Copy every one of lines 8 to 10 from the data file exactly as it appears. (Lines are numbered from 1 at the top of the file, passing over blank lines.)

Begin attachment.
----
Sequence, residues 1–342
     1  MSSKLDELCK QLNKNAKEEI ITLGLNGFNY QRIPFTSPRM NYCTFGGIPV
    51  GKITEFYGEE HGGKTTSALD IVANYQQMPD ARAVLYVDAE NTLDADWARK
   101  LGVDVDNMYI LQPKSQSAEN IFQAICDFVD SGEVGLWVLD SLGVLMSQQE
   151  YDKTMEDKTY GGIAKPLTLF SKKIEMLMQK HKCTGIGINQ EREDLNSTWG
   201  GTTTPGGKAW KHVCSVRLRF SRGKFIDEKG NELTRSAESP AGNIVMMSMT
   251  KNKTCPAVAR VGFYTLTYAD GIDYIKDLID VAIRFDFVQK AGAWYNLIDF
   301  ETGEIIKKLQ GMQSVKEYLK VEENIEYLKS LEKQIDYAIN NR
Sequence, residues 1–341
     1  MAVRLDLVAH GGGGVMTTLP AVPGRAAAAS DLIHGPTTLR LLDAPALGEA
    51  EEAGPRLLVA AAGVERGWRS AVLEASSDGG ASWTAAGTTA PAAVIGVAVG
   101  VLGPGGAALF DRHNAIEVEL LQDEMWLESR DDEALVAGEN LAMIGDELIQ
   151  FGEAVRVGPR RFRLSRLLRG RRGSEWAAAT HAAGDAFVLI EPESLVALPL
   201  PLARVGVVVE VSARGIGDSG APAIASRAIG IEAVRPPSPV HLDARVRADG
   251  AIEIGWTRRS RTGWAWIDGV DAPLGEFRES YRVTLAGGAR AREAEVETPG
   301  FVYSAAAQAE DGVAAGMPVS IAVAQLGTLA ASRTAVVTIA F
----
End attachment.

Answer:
   301  ETGEIIKKLQ GMQSVKEYLK VEENIEYLKS LEKQIDYAIN NR
Sequence, residues 1–341
     1  MAVRLDLVAH GGGGVMTTLP AVPGRAAAAS DLIHGPTTLR LLDAPALGEA